My story of overcoming chronic pain

My story of overcoming chronic pain

My chronic pain began with a long day pruning a huge bougainvillea. I ignored the warnings of the acute pain I felt in my elbow by lunch time and worked the whole afternoon. By the evening my elbow really hurt. When it didn’t get better in a week or so I started visiting physicians and physical therapists. As the pain in my elbow got better, my left shoulder started to hurt! Then my right shoulder.

Five years later I had a diagnosis of bursitis and was seeing a physical therapist weekly and doing 15 minutes of physical therapy a day – pushing myself through the pain in hopes of recovering sooner rather than later. When my chronic shoulder pain was at its worst, I tried to “protect” myself by sitting in a recliner with pillows under each arm. I would not lift anything over my head, not do any machining (which I love) or gardening (about which I have mixed feelings!). I slept with 5 pillows and had to wake each time I turned over to rearrange the pillows, interfering with my sleep.

A downward spiral of pain/inactivity as discussed by Daniel J. Clauw, M.D., in his YouTube video “Chronic Pain – Is it All in Their Head?

Pain caused me to limit my activity (good for acute pain, bad for chronic pain). I had more time and fewer distractions from experiencing pain, which lead to further restrictions on activity and more perceived pain. I fell into a downward spiral. Pain leads to inactivity. Without the distraction and mental resources needed for activity, the brain gets better and better at what it can do: pain, which leads to more profound inactivity which leads to more sensitivity to pain, etc.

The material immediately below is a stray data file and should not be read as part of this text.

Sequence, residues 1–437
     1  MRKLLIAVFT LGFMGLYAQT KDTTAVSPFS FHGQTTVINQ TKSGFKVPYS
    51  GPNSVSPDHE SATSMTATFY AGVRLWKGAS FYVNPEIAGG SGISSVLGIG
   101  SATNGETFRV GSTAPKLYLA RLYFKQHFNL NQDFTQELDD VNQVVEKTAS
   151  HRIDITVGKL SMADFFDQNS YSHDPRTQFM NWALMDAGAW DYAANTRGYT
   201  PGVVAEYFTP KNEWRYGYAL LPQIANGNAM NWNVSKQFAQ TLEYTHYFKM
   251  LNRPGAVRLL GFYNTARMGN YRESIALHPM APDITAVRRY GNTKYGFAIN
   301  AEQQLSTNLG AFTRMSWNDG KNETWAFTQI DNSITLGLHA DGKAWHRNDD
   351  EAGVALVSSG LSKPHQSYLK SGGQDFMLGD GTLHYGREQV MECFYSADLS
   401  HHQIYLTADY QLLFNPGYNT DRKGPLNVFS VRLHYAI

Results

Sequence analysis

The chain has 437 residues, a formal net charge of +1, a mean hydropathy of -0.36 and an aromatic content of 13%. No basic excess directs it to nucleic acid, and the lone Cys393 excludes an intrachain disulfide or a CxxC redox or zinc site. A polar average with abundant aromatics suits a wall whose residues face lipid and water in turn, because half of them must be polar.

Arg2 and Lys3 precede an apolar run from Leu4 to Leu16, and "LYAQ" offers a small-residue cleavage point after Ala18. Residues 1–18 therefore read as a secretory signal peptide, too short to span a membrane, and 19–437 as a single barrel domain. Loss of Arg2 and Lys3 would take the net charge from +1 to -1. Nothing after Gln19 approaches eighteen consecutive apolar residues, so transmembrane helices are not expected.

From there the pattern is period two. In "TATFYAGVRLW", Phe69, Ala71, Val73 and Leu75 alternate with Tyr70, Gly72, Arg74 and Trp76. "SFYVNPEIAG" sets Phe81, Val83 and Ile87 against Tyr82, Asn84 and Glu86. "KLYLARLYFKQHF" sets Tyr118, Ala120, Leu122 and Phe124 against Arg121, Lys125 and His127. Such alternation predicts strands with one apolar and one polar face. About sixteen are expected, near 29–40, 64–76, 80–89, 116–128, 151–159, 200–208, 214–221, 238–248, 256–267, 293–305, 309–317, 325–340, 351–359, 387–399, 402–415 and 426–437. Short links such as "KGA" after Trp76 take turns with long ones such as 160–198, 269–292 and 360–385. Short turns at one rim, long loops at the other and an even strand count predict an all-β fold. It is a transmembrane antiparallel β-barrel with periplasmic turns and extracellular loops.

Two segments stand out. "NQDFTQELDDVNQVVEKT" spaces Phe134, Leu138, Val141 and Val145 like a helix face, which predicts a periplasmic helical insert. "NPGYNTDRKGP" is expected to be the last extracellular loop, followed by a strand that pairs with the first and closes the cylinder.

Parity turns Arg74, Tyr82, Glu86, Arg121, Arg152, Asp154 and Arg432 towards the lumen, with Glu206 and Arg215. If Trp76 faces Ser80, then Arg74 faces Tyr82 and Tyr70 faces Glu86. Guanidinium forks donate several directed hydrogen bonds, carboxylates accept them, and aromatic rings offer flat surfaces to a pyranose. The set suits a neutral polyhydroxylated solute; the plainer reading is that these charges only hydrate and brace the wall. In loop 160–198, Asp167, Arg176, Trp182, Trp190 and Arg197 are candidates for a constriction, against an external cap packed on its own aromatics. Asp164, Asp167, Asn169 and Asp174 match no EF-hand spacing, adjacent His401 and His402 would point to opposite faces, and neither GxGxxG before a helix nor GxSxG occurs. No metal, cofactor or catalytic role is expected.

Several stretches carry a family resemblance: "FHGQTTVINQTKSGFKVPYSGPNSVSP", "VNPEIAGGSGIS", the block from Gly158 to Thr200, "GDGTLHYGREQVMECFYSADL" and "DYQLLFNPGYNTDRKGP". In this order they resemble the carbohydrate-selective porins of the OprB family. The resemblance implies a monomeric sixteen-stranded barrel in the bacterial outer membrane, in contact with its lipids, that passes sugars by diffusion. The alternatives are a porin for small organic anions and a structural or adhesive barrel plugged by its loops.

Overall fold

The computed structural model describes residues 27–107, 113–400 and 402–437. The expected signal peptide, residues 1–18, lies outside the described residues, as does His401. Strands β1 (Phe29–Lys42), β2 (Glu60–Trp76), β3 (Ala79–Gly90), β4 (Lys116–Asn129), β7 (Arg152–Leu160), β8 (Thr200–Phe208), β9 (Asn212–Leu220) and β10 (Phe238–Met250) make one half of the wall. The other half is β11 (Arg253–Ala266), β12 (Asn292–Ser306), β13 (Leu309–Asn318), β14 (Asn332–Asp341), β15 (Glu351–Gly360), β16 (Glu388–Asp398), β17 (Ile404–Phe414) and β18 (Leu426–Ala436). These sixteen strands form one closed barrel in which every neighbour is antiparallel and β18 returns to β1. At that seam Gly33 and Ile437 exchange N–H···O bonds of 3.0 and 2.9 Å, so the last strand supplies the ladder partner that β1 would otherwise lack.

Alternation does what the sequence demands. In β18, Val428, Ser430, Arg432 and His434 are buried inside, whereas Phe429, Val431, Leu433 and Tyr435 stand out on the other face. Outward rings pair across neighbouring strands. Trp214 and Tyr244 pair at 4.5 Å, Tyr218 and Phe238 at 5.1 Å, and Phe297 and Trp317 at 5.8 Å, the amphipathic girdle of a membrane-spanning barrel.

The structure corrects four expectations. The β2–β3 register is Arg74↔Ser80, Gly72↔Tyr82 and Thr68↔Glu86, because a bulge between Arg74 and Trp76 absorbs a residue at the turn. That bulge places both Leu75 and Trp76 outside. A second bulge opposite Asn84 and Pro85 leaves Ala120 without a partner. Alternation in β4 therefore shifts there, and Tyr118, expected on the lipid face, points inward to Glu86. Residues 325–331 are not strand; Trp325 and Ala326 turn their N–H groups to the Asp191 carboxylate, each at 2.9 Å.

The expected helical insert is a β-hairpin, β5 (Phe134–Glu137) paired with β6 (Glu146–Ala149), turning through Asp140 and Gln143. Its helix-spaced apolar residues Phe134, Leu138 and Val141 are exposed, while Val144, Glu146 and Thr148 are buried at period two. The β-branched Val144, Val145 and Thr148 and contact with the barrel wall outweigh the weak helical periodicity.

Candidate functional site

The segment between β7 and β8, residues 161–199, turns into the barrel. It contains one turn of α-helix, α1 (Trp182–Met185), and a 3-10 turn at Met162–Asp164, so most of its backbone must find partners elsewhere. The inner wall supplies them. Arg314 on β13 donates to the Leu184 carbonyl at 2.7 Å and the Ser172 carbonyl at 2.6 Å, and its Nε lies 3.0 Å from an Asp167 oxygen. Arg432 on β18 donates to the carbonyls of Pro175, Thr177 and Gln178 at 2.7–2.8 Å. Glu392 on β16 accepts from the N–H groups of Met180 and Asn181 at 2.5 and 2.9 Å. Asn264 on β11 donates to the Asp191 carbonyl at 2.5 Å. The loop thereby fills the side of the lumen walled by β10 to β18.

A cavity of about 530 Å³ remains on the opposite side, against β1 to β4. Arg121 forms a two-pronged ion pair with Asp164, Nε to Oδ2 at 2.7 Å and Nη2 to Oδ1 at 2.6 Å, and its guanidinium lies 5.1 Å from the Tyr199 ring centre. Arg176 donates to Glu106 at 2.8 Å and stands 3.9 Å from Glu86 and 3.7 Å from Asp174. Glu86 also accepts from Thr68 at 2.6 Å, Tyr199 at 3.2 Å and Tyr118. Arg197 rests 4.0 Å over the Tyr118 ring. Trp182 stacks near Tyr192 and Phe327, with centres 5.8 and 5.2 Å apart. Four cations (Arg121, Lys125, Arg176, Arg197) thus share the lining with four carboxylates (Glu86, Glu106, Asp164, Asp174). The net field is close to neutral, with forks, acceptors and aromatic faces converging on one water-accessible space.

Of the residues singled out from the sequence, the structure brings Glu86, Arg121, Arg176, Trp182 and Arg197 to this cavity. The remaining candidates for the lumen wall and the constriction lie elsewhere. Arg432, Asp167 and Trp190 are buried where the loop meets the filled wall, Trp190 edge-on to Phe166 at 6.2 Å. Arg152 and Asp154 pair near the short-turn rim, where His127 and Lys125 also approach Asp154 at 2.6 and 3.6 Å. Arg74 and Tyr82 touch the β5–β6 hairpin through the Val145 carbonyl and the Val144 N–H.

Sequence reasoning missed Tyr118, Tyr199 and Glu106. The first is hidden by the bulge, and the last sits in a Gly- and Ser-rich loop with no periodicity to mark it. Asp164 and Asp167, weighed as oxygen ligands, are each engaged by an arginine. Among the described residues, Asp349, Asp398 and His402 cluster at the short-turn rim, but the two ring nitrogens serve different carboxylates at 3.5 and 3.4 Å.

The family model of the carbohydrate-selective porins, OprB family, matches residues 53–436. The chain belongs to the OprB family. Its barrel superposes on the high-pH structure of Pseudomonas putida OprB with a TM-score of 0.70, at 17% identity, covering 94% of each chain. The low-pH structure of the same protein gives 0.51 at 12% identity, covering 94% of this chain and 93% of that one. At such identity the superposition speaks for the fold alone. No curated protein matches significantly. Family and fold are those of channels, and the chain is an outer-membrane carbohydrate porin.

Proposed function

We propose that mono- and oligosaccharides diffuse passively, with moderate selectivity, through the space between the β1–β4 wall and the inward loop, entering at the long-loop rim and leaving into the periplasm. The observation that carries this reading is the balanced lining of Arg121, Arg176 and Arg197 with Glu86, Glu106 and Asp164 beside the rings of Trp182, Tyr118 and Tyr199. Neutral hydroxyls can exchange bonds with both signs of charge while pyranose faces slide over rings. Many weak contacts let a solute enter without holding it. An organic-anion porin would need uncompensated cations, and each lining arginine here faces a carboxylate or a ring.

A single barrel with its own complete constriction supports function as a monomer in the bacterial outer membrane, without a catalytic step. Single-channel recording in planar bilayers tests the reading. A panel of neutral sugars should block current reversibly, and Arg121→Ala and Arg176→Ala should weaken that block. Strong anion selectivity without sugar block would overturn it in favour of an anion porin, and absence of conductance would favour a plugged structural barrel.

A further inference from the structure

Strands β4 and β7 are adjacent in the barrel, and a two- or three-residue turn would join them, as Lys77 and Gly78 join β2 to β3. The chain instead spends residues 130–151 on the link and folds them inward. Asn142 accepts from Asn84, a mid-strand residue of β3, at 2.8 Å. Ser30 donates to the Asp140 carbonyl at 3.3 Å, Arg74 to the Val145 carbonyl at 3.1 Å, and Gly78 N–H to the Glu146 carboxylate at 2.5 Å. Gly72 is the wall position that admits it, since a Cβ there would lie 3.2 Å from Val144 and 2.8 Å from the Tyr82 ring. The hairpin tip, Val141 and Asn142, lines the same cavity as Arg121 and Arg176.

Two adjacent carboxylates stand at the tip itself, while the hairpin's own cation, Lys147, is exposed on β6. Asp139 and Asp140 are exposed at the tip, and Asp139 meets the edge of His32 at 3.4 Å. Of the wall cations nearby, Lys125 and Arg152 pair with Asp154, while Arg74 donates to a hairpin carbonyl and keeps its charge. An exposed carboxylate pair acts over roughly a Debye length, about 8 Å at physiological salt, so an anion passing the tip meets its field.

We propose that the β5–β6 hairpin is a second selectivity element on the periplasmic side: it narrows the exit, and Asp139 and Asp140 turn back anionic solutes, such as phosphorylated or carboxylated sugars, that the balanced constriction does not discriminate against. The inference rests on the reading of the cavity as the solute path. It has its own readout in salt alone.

My general experience is, unfortunately, typical. After experiencing chronic pain for an extended period of time, a person feels pain at levels of stimulation far less than what would cause a “normal” person pain. This is called sensitization. A great deal of research has been done on sensitization right down to understanding it at the level of single cell neurobiology. An overview of this research will be presented in a later section devoted to the science of chronic pain. For now, it is sufficient to note that you will feel pain even from stimuli that do not put you at risk for injury. If you restrict your activities to avoid all pain, you will continue the downward spiral of pain/inactivity.

Understanding the problem was very important, but the real work involved finding ways to reverse the downward spiral and gradually add more activity while experiencing less pain. To get the confidence to undertake this work, it is important to assure yourself that working through some pain to add activity and start to reverse the downward spiral will not affect you detrimentally. This includes visits to doctors and specialists until it is clear that nothing can be fixed. The problem, no matter how it started, is now how to get rid of the chronic pain.